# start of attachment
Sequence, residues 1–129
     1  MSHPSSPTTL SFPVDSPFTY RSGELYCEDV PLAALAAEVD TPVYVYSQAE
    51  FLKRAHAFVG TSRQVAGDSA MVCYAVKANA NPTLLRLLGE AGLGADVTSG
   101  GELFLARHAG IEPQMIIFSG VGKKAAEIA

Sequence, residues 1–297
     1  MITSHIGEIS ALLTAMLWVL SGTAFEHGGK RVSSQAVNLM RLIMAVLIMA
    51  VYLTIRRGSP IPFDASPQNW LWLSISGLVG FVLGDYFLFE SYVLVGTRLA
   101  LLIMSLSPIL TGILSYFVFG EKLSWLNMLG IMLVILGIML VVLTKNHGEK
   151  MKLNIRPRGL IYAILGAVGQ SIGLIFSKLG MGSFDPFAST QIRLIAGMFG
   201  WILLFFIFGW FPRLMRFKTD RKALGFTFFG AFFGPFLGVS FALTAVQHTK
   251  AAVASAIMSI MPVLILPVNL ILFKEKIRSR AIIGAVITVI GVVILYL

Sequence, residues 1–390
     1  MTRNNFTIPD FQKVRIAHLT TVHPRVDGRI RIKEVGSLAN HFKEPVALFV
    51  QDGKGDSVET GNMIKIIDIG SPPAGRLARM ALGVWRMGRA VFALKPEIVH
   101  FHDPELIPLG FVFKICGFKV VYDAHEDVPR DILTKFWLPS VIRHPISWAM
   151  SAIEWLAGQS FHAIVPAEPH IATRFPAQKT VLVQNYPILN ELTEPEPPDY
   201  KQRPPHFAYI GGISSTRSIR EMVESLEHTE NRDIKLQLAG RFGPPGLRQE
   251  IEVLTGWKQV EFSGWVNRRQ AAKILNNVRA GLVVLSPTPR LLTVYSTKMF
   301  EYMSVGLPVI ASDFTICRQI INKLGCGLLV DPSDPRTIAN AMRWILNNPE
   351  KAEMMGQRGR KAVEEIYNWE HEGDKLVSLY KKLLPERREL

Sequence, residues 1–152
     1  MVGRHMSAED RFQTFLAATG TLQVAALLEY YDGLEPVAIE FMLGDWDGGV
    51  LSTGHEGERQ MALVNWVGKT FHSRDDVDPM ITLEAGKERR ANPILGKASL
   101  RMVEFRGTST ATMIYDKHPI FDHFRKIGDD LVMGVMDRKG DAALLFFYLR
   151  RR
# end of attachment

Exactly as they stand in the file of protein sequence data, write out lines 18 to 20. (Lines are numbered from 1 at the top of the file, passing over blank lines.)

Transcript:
   251  IEVLTGWKQV EFSGWVNRRQ AAKILNNVRA GLVVLSPTPR LLTVYSTKMF
   301  EYMSVGLPVI ASDFTICRQI INKLGCGLLV DPSDPRTIAN AMRWILNNPE
   351  KAEMMGQRGR KAVEEIYNWE HEGDKLVSLY KKLLPERREL